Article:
Mapp v. Ohio, 367 U.S. 643 (1961), cited in every motion to suppress evidence, was decided 59 years ago today. While today defense attorneys and prosecutors argue whether or not evidence should be excluded pursuant to the exclusionary rule, prior to Mapp there was no exclusionary rule in state courts for evidence seized from a person in violation of Fourth Amendment Rights.
In Mapp, police entered Dollree Mapp’s home without her permission and without a warrant. Police believed a bombing suspect was hiding in her home. Police did not find the suspect they were looking for but they did find sexually explicit books and photos. Mapp was convicted and sentenced to prison for violating a state law that prohibited lewd and obscene materials. Mapp appealed her conviction on First Amendment grounds, arguing she had a right to possess the materials. By the time the case reached the United States Supreme Court, the justices were focused on the evidence seizure without a warrant. Evidence obtained without a warrant or other valid means must be excluded from evidence against a suspect – thus, the exclusionary rule is born (actually, it had already been applied in federal courts and the decision in Mapp made it applicable to the states through the Fourteenth Amendment).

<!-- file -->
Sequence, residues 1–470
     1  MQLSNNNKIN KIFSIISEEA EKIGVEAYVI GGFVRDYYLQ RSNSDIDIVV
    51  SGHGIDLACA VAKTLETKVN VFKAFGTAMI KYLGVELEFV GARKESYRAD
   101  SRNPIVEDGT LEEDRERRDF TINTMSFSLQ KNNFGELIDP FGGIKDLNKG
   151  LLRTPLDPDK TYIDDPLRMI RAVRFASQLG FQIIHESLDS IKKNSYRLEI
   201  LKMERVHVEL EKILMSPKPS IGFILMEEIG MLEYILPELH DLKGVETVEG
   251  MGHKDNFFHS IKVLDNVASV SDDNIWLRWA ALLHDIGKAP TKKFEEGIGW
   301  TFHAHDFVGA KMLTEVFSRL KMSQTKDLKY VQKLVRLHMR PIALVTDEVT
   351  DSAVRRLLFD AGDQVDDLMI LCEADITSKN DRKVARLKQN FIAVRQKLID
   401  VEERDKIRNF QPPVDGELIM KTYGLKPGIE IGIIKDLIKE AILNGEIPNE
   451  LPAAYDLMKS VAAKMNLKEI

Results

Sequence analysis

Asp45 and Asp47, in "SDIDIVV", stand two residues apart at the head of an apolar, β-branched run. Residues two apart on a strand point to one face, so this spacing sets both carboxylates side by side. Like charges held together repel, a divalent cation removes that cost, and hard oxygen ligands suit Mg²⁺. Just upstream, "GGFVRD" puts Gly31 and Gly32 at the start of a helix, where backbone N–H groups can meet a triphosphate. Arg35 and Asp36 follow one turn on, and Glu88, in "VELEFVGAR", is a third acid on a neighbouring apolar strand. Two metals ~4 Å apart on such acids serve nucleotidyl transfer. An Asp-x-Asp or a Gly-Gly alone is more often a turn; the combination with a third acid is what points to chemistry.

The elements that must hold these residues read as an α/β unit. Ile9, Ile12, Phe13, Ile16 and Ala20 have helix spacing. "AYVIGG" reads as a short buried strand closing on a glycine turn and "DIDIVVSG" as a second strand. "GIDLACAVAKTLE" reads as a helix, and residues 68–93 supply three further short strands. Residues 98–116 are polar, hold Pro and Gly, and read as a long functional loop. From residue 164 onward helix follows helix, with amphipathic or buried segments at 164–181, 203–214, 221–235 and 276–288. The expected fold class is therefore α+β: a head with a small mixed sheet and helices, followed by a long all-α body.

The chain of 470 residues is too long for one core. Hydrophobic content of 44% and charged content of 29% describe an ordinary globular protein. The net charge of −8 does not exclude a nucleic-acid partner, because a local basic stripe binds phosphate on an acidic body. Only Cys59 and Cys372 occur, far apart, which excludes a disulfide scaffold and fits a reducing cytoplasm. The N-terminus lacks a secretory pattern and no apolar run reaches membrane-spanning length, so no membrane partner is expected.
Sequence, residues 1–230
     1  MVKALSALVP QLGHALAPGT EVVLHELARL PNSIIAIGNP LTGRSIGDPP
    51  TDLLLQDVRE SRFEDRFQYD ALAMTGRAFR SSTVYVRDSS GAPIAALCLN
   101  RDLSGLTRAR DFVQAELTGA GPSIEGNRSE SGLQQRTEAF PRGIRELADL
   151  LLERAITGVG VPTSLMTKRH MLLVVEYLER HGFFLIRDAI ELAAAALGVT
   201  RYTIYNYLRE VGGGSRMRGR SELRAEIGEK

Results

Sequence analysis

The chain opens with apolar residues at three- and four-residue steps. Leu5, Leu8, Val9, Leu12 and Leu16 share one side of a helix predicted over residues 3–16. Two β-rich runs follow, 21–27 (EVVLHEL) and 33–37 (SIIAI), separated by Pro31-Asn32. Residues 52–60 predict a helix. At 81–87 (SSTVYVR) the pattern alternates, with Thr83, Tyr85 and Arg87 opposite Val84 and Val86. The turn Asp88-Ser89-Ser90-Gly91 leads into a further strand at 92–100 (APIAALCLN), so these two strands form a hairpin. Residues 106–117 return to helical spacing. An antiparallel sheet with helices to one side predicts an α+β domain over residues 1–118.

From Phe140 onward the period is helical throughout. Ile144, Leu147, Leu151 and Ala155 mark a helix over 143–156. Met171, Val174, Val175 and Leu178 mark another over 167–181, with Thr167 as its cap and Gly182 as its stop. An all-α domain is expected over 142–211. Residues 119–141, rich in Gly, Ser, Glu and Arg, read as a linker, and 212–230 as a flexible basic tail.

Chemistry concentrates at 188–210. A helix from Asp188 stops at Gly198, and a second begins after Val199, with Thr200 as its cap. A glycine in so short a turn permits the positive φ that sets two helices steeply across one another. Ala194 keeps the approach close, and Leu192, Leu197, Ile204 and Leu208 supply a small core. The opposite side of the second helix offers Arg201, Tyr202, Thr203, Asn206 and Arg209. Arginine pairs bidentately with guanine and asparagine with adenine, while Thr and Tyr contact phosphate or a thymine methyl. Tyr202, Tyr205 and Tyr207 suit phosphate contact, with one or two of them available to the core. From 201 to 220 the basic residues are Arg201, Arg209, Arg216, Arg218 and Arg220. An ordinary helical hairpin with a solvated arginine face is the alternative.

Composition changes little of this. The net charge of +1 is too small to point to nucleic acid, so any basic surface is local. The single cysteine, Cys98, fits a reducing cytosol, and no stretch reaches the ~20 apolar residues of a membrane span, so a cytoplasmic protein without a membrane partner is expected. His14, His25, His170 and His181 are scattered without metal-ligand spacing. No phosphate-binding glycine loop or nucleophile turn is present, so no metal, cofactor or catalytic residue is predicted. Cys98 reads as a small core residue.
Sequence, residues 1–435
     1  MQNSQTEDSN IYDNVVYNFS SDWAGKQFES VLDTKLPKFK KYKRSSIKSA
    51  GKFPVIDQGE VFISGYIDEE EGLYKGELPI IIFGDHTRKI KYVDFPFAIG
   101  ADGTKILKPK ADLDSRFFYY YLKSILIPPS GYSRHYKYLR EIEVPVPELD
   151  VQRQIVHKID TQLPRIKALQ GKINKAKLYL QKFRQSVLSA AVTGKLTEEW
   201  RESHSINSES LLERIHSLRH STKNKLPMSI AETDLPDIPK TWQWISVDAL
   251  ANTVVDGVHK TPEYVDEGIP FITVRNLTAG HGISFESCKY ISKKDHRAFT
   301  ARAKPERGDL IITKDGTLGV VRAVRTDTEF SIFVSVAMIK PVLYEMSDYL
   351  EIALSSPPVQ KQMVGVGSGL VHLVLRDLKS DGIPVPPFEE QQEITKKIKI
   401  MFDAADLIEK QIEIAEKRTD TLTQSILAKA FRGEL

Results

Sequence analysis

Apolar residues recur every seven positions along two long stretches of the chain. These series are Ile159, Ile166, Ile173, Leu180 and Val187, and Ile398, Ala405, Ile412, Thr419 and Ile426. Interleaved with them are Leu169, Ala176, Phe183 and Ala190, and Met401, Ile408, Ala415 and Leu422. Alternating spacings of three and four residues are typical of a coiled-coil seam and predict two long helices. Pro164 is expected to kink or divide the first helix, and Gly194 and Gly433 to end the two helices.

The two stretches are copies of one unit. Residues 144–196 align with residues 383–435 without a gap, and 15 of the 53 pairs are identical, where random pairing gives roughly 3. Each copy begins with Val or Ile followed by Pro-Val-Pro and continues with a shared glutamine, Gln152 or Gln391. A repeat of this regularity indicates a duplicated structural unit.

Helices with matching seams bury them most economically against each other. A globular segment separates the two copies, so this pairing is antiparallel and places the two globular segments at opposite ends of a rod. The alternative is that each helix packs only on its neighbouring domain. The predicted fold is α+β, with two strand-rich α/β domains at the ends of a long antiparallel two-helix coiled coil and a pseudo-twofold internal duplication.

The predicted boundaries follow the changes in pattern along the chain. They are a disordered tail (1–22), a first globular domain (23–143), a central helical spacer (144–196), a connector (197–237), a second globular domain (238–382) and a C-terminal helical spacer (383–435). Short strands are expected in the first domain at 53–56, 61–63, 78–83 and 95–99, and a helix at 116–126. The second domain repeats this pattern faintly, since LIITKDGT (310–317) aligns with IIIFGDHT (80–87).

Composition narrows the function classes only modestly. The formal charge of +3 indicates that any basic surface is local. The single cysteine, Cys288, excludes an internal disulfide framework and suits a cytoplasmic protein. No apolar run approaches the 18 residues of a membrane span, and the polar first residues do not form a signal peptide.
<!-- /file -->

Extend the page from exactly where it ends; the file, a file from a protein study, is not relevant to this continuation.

Today, most people know that the police cannot use evidence obtained without a warrant or other valid means, but few people realize it all started with a Cleveland woman and some pornographic photos.
Listen to the Oral Arguments here: https://www.oyez.org/cases/1960/236
Read the Decision here: https://www.law.cornell.edu/supremecourt/text/367/643